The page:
Sewing and textiles with Ann
This is sort of a birthday present to myself, in as much as I bought to pattern and fabric on my birthday. I tried to take the day off work, but it didnt really work out. Hence, it’s taken until a snowy weekend in March to make the hoodie, and, thinking the need for a new fleece this year had probably passed, here I am wearing it almost straight off the ironing board.
I have a similar pattern fromMcCalls, which I have used three times, but not with the funnel neck. I don’t know anything about Hey June, and particularly why it’s called the Halifax Hoodie, but I’m guessing that June lives in the Canadian version of Halifax. A good Yorkshire name is what attracted me!
I don’t really like PDFs apart from the fact that an electronic version arrives instantly. But it’s not usable until you have printed pages and pages of instructions and pattern, and stuck them all together. At least it was a gentle way back into sewing after my recent break.
A couple of gripes, if I may. Sleeves should not be symmetrical. The back should have more ease than the front. You can tell if you know what you are looking for. And , as with some other independent pattern makers, there are very few markings on the pattern. Much fitting relies on finding the centre of the pattern piece and the easing into place, especially the funnel. I mean, it works, but I expect more from a professional pattern.
Having said all that, the whole thing is quite easy, and only took me a morning to cut out and make. But this is two patterns in a row that come out of a single layer of fabric. Back to the lounge floor again! Although I worked out my own layout, mainly from folding the fabric into the centre. I probably used more than the yardage, but as a I got a roll end, with the last 50 cm costing me £1, I had plenty of fabric to play with.
I cut between two sizes, and it has all fitted together OK. The sleeves are a bit shorter than I would like them, basically because I shortened them by too much! There are some advantages – if am doing anything with water, the sleeves do not get wet. I have one or two garments that is take off to wash up, as the sleeves get very wet. If necessary, I can make some slighter longer cuffs to lengthen the sleeves. I have sufficient fabric.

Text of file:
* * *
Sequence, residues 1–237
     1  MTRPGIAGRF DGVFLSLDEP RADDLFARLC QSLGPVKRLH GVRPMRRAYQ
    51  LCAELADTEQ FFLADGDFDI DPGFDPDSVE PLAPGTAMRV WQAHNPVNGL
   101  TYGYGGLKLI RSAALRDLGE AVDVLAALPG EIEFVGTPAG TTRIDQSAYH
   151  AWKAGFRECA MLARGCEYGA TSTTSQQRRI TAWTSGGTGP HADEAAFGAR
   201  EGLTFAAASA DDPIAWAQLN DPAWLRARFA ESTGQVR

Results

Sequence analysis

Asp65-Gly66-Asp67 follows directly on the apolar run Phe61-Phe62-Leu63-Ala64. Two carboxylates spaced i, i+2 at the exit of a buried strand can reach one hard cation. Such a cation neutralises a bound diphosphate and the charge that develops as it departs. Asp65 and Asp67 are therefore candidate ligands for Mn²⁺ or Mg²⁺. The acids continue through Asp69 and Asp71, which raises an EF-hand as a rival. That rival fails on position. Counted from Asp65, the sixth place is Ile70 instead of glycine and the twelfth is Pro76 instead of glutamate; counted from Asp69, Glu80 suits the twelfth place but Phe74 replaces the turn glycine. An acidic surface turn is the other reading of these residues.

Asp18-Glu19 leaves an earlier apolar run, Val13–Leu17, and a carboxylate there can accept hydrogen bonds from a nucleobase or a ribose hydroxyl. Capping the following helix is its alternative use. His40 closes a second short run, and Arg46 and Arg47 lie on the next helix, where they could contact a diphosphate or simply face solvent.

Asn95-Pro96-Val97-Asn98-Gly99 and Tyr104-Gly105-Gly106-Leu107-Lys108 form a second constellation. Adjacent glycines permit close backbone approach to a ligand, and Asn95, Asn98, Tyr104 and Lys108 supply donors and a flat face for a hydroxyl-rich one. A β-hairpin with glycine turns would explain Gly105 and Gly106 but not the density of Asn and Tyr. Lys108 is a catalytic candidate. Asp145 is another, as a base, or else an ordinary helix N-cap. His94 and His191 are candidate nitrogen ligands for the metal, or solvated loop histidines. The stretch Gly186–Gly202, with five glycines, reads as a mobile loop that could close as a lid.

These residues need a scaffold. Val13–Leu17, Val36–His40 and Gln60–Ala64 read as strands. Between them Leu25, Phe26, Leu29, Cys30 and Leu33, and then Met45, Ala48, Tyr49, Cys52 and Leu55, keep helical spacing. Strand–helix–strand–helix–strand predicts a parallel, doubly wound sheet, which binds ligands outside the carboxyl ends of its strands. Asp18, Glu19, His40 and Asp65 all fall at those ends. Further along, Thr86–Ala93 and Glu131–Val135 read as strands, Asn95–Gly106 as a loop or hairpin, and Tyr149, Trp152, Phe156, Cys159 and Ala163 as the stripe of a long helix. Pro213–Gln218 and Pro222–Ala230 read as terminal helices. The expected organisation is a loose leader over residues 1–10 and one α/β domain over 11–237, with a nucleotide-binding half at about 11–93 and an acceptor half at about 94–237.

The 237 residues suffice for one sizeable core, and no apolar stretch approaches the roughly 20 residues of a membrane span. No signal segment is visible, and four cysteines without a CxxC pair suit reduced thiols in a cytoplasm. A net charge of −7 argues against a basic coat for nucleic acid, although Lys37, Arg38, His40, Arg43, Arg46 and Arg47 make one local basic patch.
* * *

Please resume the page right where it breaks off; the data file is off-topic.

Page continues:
Major seams were sewn straight on the overlocker, including setting in the sleeves. Anything circular, I stitched on the sewing machine and then finished on the overlocker. There are four layers of fleece where the pocket joins to the waist band, and the machine and overlocker coped with them all!
I was planning to add a drawstring, but had real trouble with getting a button hole sewn with the fleece. Good thing I always test button holes first. The interfacing, which is in place, might have made a difference, but, to be honest, I didnt know what I was going to use for a drawstring, so no drawstring seems like a good option now.
It works well in fleece; the funnel holds up well. I’m not sure how well it would work in a more stretchy fabric. Ponte would probably be ok, but anything more lightweight probably wouldn’t hold up.
Anyway, I wasn’t expecting to get much wear from this this year. Hopefully I can put it away for next year in a couple of days, although I had thought I might wear it for a bit of walking at Easter. With gloves, to keep my wrists warm!